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Film / Family Plot

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Family Plot is a 1976 Black Comedy Thriller directed by Alfred Hitchcock, starring Barbara Harris, Bruce Dern, Karen Black, and William Devane. The score was composed by the legendary John Williams.

The film starts with a Spooky Séance contacted by Blanche Tyler (Harris). Her latest client is elderly Julia Rainbird (Cathleen Nesbitt), who wants to locate her last living relative: the illegitimate son of her sister, given up for adoption decades ago. Now that boy is supposed to inherit the family fortune, and Julia offers Blanche $10,000 to find her heir. Blanche is actually a Phony Psychic. The facts she reports to her clients are the results of some detective work by her boyfriend, George Lumley (Dern), an unemployed actor and part-time cab driver. The two bumbling detectives now have proper motivation to find that heir.

The scene shifts to the heir Arthur Adamson (Devane) and his girlfriend Fran (Black). They are both Wicked Cultured. Arthur murdered his foster parents many years before and now works as a jeweler and has an upper-class house. He and Fran actually earn most of their money from a highly-successful career as kidnappers, their targets being millionaires and dignitaries. By the time the film starts, the thrill of the work has become part of their motivation. Danger turns them on and really helps their sexual activities. These two are dangerous people.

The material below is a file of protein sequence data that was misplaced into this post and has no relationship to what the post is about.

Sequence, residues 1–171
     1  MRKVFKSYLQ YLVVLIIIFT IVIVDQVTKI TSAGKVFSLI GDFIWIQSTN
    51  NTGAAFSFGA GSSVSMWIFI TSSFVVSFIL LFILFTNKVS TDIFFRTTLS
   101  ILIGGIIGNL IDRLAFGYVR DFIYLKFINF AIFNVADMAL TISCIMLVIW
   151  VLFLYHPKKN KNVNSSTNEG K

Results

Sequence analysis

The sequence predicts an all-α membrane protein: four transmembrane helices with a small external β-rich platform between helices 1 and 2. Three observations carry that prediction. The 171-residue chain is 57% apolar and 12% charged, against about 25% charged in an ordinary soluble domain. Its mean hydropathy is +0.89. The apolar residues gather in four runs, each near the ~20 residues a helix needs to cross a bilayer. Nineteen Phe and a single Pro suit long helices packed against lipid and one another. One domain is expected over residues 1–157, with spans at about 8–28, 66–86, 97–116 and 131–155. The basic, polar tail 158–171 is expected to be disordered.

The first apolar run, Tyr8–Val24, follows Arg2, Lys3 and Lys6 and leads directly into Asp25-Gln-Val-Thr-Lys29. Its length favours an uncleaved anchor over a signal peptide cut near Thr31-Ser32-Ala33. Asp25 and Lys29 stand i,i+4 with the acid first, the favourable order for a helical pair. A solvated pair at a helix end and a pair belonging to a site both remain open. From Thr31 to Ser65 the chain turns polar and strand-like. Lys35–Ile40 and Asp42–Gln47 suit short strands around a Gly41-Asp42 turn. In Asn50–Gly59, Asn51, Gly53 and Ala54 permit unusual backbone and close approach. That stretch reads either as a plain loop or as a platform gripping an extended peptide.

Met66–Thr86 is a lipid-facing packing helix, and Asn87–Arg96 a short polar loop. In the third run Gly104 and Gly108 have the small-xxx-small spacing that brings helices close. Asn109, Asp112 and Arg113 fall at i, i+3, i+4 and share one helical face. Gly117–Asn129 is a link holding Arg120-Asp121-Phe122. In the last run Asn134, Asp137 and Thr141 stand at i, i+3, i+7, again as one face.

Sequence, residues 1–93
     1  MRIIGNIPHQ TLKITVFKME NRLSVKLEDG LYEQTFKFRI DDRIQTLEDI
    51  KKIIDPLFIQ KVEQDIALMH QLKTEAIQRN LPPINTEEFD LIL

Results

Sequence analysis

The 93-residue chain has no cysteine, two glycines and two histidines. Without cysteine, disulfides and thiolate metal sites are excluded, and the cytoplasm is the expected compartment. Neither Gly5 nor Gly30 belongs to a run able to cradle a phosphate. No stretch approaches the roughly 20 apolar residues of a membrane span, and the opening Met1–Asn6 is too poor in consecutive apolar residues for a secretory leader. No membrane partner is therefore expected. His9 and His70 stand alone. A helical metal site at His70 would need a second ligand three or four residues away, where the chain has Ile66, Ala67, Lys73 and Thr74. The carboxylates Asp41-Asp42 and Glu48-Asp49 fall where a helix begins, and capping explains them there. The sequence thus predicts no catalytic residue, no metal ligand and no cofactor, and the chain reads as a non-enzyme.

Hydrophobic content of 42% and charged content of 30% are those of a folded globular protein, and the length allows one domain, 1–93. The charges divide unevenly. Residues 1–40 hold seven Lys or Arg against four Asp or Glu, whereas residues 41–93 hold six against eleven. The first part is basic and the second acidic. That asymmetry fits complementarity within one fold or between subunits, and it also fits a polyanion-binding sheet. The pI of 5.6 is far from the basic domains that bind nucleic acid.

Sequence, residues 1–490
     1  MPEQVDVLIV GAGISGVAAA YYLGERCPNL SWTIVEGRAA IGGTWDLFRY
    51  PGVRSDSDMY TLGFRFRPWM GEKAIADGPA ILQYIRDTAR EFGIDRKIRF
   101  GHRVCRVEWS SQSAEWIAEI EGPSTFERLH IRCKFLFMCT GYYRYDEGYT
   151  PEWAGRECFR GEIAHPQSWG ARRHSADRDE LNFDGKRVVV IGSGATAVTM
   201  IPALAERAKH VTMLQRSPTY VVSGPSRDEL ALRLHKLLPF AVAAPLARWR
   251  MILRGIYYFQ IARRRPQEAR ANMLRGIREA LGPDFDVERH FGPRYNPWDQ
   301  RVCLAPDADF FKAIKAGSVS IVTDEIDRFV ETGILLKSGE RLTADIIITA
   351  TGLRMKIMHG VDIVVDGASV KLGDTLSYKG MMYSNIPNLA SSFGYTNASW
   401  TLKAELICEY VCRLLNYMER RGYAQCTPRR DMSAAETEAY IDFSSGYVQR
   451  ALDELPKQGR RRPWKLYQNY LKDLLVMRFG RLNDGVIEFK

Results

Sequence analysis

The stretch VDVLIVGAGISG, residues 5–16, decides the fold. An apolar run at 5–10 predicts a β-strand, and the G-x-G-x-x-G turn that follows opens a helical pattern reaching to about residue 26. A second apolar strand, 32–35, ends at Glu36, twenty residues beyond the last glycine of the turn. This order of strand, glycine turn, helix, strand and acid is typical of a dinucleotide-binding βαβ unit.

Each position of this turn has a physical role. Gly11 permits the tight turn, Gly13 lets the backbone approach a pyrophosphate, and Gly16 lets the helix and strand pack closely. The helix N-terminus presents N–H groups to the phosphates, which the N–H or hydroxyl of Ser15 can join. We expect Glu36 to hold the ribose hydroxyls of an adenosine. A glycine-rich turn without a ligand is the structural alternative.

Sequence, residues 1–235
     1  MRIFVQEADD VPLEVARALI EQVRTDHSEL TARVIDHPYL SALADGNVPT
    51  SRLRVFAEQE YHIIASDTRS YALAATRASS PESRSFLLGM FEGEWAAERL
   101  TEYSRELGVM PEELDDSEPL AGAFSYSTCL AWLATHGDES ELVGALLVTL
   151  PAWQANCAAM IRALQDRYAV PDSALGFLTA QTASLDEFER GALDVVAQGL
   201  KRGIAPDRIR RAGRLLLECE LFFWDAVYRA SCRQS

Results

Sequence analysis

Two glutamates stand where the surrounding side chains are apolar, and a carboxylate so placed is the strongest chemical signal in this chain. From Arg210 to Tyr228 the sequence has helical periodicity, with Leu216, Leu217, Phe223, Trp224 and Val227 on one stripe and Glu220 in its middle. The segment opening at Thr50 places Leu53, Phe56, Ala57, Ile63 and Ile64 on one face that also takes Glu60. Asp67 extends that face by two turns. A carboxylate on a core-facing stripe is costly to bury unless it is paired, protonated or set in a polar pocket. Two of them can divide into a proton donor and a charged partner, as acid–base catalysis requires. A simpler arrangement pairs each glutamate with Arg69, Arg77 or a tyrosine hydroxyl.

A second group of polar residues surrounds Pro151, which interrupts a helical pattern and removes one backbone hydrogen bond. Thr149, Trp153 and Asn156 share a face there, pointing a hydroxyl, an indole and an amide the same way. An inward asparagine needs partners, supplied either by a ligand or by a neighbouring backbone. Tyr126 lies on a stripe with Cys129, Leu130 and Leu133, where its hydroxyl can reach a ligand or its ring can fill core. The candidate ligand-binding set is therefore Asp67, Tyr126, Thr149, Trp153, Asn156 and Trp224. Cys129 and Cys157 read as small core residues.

Naturally, seeking out the two master criminals turns out to be a more dangerous mission than Blanche and George expected.

Alfred Hitchcock's 54th and final film, capping a career that spanned more than 50 years. He died four years later.

This film provides examples of:

  • Adaptation Title Change: Family Plot was adapted from the novel The Rainbird Pattern.
  • All Women Are Lustful: A horny Blanche wants George to spend the night, but he's too tired.
  • Artistic License – Religion: The Shoebridges and the Maloneys are apparently supposed to be Mormon, with the stonemason referring to the Shoebridge burial as being done by the "First Church of Latter-day Saints" and a quotation from The Book of Mormon (2 Nephi, chapter 9) read at Joe Maloney's graveside service. But the church-related material in the film seems more reminiscent of Catholicism or Anglicanismnote 
  • Aside Glance: Blanche winks at the viewers as the movie ends.
  • City with No Name: Unlike most Hitchcock films which feature an iconic city or landmark, the location is kept vague except it's obviously in California. San Francisco and Los Angeles were both used for exterior shots, with San Francisco's famous black-on-white street name signs visible at several points.
  • Cold Reading: The "hot reading" inversion is used here. Blanche enlists George to pose as different characters to find out info about her clients, then uses what he tells her in her consultations with them to make them think she has genuine psychic powers.
  • Contrived Coincidence:
    • Julia Rainbird decides to look for her nephew Edward 40 years after he was abandoned, exactly at the time when Edward is carrying out a series of abductions and extortions.